National Geographic : 1951 Dec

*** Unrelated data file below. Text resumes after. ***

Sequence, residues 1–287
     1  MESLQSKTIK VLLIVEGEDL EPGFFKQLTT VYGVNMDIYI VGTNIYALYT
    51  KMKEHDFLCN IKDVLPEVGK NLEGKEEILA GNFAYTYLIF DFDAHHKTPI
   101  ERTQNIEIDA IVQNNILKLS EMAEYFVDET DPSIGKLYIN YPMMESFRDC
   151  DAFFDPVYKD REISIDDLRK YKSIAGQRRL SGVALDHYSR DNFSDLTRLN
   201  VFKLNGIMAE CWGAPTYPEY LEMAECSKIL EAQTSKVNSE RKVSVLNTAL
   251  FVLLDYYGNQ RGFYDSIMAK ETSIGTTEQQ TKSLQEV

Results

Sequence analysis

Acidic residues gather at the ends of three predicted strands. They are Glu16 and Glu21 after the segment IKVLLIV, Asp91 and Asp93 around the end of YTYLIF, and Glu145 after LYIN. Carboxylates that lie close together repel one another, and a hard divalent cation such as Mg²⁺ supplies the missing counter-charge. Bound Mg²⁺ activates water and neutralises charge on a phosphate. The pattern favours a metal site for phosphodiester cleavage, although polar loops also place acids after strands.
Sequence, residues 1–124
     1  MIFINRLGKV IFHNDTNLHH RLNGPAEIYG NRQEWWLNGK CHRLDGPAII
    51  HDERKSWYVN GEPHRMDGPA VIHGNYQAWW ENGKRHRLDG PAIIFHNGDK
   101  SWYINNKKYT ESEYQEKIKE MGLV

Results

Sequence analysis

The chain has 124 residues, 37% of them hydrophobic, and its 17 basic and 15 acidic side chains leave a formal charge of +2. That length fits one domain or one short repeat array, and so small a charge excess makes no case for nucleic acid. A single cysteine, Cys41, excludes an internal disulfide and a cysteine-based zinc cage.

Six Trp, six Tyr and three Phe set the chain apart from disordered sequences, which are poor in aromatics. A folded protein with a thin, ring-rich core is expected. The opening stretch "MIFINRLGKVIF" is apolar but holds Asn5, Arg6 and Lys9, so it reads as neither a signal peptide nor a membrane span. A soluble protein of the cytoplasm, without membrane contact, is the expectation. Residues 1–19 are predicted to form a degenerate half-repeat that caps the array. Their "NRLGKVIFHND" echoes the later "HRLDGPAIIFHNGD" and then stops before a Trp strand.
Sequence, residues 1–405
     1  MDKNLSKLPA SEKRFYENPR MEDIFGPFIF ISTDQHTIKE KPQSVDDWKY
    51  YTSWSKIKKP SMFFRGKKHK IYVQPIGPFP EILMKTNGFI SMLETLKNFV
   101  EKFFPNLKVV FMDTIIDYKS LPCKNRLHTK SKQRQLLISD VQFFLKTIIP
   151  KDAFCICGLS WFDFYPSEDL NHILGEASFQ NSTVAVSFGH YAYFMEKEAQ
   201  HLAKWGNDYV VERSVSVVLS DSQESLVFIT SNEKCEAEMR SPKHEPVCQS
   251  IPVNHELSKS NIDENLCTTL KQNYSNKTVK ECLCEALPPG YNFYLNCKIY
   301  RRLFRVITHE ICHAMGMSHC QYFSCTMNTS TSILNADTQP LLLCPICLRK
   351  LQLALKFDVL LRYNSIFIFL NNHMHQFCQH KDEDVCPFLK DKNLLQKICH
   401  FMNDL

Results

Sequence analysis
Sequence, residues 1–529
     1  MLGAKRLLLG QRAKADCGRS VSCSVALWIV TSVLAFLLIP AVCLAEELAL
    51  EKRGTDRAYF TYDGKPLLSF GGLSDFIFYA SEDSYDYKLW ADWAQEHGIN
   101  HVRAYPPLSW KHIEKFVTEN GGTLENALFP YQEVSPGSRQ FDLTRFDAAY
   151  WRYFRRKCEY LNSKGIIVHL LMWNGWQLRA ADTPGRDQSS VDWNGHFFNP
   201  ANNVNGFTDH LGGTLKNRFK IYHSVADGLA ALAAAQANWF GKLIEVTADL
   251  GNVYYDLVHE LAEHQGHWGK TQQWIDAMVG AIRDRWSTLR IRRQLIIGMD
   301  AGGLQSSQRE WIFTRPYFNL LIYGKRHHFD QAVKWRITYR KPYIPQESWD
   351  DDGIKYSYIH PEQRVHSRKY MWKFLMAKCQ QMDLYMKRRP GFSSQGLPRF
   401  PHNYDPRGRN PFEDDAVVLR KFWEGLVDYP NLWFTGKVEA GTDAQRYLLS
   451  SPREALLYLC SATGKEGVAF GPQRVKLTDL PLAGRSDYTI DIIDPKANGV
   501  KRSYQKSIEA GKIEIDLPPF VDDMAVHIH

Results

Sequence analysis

The National Geographic Magazine in the librarian-philosopher's mathematical mind. At Alexandria he put up a pole, as perfectly erect as he could make it. Then at noon on June 21 he measured the angle of the pole's shadow. It was 71 degrees. Knowing geometry, Eratosthenes was aware that if the pole and the well were extended to the center of the earth they would meet at the same angle, 71 degrees (diagram, page 753). Since there are 360 degrees in a circle, this 7 -degree angle was 1 oth of the whole circle. So the distance between Syene and Alexandria must be /oth of the cir cumference of the earth. Thus, to find out how far it was around the earth, all Eratosthenes had to do was to multiply the Syene-Alexandria distance by 50. This he did in the unit of measurement called the stadium, probably equal to about ten feet. Syene was 5,000 stadia away, so the distance around the earth must be 250, 000 stadia. Even a coldly mathematical heart must have leaped with the joy of pure discovery. Standing on one little corner of the vast, mysterious, unexplored earth, one man-by the power of mind-had thrown a tape meas ure around the globe. Actually the measurement was not exact. If we substitute the now-known number of miles for Eratosthenes' 5,000 stadia, we get 520 miles times 50, or 26,000 miles. Today we know that the girth of the earth is 24, 901.96 miles. But Eratosthenes' result is remarkably close when considered in the light of the crudity of his instruments and data. Despite the much earlier work of Eratos thenes in the same city, Ptolemy of Alexan dria, in the 2nd century after Christ, conceived of the world as much smaller than it is. Be lieving in a Ptolemaic-sized world, Columbus thought he had reached India when he had sailed no farther than the West Indies. One Day Mysteriously Missing In those days the world, instead of getting smaller, was growing larger as mariners dis covered its extent. First to sail entirely around it was not Magellan-he was killed on the way-but members of his crew, includ ing the highly articulate Antonio Pigafetta. Nearing home with his gossipy round-the world diary, Pigafetta was puzzled to find it was Wednesday, July 9, 1522, aboard, but ashore in the Cape Verde Islands it was Thursday, July 10! "We could not persuade ourselves that we were mistaken," he wrote after the worm eaten, storm-battered Victoria reached Spain just 12 days short of three years after the start. "I was more surprised than the others, since I had every day, without intermis- sion, written down the day that was current. "But we were afterwards advised that there was no error on our part, since as we had always sailed toward the west, following the course of the sun, and had returned to the same place, we must have gained 24 hours!" * Sailing with the sun slows its apparent speed and thus lengthens each day. Pigafetta's calendar was a day behind because he failed to record these slight daily gains. New Knowledge of "Rivers in Sea" These pioneering circumnavigators would have made their voyage in less time had they possessed our modern knowledge of the world-wide, interlocking system of ocean cur rents, shown by brown arrows on this map. Prevailing winds, rotation of the earth, topography of the ocean floor, discharge from large rivers, melting of icebergs, heating and cooling of large bodies of water, evaporation, rain and snow, all play a part in maintaining the oceans' vast, ceaseless circulation system. Surface currents range in speed from hardly perceptible drifts to five miles per hour in the Gulf Stream, swift enough so that in 1513 Ponce de Le6n's ships could not stem it. Within the past year oil tankers surveying the Gulf Stream for the United States Navy in this same area found that ships can save 3 to 10 hours' steaming time between Cape Hatteras and Key West by staying close to the eastern edge of the Gulf Stream south bound, and that the strongest currents on the northbound route are well inshore. This American-born stream in the sea brings its warmth to Britain and Europe. It keeps Russia's Arctic port of Murmansk ice-free all year and makes far-north Spitsbergen a sum mer resort for Norwegians. The Gulf Stream's course is not always constant. Often it meanders like a river, turning up far from its supposed location, but whether these shifts affect weather in Europe has not been definitely proved. A two-way, "two-story" current through the Strait of Gibraltar completely changes the water in the Mediterranean Sea every 75 years. Salt tends to concentrate in the Medi terranean, since it loses more water by evapo ration than it gains from rainfall and rivers. The heavy salt water sinks and flows out below the surface, while fresher water from the Atlantic moves in above. All the great "rivers in the ocean" are mapped in the light of the latest knowledge on this new portrait of our world, 71 percent of which consists of the tidal, tossing salt water of Mother Sea. * See "Greatest Voyage in the Annals of the Sea." by J. R . Hildebrand, NATIONAL GEOGRAPHIC MAGA ZINE, December, 1932.